I also found confirmations of this technique from others around the web:

Another way to stop it going off is to store it in an airtight container containing active silica gel; no moisture, no cure, plus it's ready to use […]

I can second this method. It works very well. I use a large BDS container which holds a part used tube of silicone, one of Sikaflex and an unopened tube of each when running low. All fresh and ready to use. If unused for a long while I may have to clear out the nozzle on the Sikaflex tube. (source)


You can store opened PU sealant in a fridge or freezer (which is probably even more effective). Freezing does not seem to damage the sealant.

People who tried it report that it works because air humidity is very low in a fridge or freezer – and since it's even lower in a freezer, I suspect it works best there. Also, lower temperatures slow down all chemical reactions, so this might be another reason for why and how this works.

Quotes from my source, where I just found out about this technique:

Freezer definitely works. I keep the Sikaflex and 3M 3200 next to the Freezer cold plate which gets down to -25 deg C. I've never had one go hard, but they are never more than 18 months old either. Do expect a little oozing of sealant as the tube warms up though. […]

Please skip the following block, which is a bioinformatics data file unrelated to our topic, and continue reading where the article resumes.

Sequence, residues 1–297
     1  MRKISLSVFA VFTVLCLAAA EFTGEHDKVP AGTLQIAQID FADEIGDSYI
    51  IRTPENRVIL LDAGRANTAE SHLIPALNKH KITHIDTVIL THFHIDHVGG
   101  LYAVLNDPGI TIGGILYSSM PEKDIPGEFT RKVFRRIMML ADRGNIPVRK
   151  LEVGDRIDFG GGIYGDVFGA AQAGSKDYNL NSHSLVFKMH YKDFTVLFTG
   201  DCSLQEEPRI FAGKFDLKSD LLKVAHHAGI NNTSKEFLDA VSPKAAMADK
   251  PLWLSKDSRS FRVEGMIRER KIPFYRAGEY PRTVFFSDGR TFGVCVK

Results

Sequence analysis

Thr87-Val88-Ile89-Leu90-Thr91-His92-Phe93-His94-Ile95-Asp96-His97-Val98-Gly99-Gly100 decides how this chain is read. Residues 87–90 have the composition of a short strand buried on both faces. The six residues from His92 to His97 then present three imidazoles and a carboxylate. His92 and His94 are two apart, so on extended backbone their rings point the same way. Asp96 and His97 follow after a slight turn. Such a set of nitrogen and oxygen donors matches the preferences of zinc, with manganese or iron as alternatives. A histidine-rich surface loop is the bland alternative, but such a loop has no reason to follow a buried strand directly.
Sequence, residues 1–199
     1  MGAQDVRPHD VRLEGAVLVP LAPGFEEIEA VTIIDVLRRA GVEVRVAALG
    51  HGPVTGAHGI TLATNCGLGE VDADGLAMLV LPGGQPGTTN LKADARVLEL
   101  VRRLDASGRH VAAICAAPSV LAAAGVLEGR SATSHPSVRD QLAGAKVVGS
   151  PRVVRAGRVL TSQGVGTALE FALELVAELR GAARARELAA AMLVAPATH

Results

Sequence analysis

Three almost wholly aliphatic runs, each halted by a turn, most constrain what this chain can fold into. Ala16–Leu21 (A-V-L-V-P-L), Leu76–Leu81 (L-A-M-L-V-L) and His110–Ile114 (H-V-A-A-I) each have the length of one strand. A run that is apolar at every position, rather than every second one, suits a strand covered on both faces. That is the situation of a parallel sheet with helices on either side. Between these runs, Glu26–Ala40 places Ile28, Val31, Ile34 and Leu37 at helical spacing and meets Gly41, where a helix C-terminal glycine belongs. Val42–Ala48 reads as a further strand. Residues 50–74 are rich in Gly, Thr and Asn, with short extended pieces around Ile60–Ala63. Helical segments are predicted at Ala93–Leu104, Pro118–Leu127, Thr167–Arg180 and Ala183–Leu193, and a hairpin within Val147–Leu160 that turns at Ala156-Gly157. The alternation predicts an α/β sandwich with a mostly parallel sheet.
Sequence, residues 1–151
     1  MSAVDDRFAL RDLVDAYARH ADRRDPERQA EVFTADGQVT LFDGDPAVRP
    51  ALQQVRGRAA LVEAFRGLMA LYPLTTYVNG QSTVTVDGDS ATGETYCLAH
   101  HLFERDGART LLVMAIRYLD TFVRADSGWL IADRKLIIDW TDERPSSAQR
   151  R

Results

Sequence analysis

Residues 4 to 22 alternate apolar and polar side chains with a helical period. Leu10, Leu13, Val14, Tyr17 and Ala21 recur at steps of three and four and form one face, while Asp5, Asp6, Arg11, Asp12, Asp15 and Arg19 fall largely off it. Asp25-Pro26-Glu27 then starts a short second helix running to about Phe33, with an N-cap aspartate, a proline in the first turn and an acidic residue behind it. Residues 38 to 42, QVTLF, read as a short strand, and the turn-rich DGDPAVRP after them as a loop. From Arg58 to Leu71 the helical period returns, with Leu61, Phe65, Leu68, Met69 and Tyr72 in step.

I've just been using a small tube of Sikaflex that I opened a year ago. It's been kept in the freezer with a thin plastic bag screwed between the tube and the nozzle. I keep all my sealants in the freezer which is one of the excellent tips I have picked up from this forum over the years. […]

I use 20 to 40 600 Ml sausages a month and as soon as it's delivered I stick in an old bar fridge in the shed, the stuff at the back is well over 6 months old and still good. Moisture/humidity inside a fridge is very low and it needs moisture to cure, so keeping it refrigerated will help.